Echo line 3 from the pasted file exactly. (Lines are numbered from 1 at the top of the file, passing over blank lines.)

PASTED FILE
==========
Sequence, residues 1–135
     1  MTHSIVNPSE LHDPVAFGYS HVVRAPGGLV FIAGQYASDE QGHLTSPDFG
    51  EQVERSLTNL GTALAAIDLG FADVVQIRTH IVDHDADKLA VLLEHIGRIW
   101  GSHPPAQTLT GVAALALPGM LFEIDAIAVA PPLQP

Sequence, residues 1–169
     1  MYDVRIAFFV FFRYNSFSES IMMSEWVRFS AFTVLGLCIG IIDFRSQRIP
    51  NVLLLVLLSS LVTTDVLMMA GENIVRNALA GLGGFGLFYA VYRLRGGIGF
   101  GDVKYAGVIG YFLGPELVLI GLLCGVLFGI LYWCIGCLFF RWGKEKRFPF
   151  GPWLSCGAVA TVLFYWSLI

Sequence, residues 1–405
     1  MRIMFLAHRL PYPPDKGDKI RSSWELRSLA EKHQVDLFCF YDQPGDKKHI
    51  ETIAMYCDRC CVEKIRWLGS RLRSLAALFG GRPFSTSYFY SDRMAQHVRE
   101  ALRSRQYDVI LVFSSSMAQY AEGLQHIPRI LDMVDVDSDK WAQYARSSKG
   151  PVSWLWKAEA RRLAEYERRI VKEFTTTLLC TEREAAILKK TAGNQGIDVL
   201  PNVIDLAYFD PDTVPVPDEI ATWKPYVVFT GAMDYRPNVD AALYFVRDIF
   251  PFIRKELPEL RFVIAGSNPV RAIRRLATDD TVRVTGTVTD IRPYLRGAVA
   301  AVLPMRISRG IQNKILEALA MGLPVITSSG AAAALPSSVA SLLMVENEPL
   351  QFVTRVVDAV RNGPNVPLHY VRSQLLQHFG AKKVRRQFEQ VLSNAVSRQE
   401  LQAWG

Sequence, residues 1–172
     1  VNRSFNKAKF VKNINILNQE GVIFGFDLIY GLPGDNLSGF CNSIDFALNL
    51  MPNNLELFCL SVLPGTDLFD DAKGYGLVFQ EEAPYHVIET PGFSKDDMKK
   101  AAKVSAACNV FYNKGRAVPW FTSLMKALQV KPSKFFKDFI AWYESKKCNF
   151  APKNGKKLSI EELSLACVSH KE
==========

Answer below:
    51  EQVERSLTNL GTALAAIDLG FADVVQIRTH IVDHDADKLA VLLEHIGRIW